Second, neither God nor his omniscience is required to get the argument going. Suppose Clarence’s wife Clarissa has intimate knowledge of her husband and his purchase of a dozen eggs and a block of cheddar earlier in the day. Before she goes to bed she correctly believes ‘Clarence will have a cheese omelet for breakfast tomorrow.’ Morning comes, and Clarissa’s true belief is tucked away in the past. Therefore, so the argument goes, Clarence isn’t free to refrain from having a cheese omelet for breakfast. If he were, then either (1) the statements ‘Clarence will have a cheese omelet for breakfast tomorrow’ and ‘Clarence will not have a cheese omelet for breakfast tomorrow’ are both true; or (2) The past statement ‘Clarence will have a cheese omelet for breakfast tomorrow’ changed from a true statement to a false statement. The same problems of bringing about a contradiction and a change in the past apply, but surely Clarissa’s correct belief does not compel Clarence to act as he does.

Third, we should not confuse the certainty of an outcome with the necessity of an outcome. Let p stand for ‘Clarence will have a cheese omelet for breakfast tomorrow.” From the premises:

  1. Necessarily, if anyone knows p, then p.
  2. God knows p.

It cannot be derived:

  1. Necessarily, p.

All that follows is:

  1. p.

To get from [2] to [3], one must somehow make [2] necessary. It will not do to say that ‘God knows p’ is necessary, because God could have created a world where p does not obtain. Thus, p is a contingent truth, and it is compatible with God’s omniscience such that if  (–p) were the case, say because of Clarence’s free choice, then God would know (–p) instead. Interestingly enough, this yields a third disjunct not considered by Hasker:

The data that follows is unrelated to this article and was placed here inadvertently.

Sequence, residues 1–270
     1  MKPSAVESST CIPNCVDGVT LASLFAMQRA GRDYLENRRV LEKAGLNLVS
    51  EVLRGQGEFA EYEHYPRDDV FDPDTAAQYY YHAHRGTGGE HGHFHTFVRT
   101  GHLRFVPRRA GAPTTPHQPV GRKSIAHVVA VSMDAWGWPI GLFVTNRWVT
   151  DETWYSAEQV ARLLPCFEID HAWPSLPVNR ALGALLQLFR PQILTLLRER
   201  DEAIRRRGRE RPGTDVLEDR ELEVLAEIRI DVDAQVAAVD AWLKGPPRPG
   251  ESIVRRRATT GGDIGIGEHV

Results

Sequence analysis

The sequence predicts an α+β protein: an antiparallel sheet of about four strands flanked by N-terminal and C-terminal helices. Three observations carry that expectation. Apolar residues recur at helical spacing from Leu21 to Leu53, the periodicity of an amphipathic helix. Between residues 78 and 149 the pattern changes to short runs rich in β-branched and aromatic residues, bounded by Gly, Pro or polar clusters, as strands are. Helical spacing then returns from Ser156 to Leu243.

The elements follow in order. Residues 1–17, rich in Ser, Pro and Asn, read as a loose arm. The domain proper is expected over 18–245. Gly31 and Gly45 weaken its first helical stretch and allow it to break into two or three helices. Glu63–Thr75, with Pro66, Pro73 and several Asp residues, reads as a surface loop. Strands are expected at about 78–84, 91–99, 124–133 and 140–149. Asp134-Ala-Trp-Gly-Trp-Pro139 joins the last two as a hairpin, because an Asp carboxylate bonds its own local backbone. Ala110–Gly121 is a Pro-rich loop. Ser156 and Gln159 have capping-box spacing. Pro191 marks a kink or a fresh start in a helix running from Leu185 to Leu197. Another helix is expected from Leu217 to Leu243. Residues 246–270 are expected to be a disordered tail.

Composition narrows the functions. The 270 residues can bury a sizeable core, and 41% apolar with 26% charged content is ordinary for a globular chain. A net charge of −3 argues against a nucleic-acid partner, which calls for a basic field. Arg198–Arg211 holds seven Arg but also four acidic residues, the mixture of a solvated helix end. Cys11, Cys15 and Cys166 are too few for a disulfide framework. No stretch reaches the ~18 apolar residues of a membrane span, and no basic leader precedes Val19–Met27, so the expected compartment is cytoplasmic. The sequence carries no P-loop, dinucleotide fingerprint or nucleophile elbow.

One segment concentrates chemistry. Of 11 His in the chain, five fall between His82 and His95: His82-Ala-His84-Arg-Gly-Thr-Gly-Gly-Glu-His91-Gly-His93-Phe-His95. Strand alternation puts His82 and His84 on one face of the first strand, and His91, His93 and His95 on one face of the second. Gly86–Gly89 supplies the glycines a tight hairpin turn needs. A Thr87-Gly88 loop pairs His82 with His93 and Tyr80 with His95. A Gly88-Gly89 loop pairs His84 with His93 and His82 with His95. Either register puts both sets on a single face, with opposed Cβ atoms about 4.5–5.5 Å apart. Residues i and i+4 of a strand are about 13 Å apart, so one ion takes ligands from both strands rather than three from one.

(1)   God’s past belief about Clarence was false.

(2)   God’s past belief about Clarence changed to a true belief.

(3)   Clarence can act such that were he to refrain from having a cheese omelet for breakfast tomorrow, then God would have always known ‘Clarence will not have a cheese omelet for breakfast tomorrow’ instead.

Thus, [2] will have to derive its necessity from the unalterability of the past (temporal necessity).

Is (3) compatible with the unalterability of the past? Hasker might not think so, but he gives us no reason to think that the following two statements are incompatible:

  1. (A) It is not within anyone’s power to act such that something that was known by God was not known by God.
  2. (B) It is within someone’s power to act otherwise such that if someone were to act otherwise, then God would have always known otherwise.

The power in (A) would have to depend on something like the absurd notion of backwards causation where a present action could materially change the past. However, the power in (B) is merely a counterfactual sensitivity, which is fully compatible with God’s omniscience and human freedom. All (B) assumes is that it is not necessary to change the past in order for our choices to determine the past. And Hasker’s argument does not demonstrate how this is impossible.

The upshot is that the content of God’s knowledge is contingent upon Clarence’s choice, Clarence’s choice is not contingent upon the content of God’s knowledge. Therefore, I conclude that Hasker’s argument is incomplete and underdeveloped.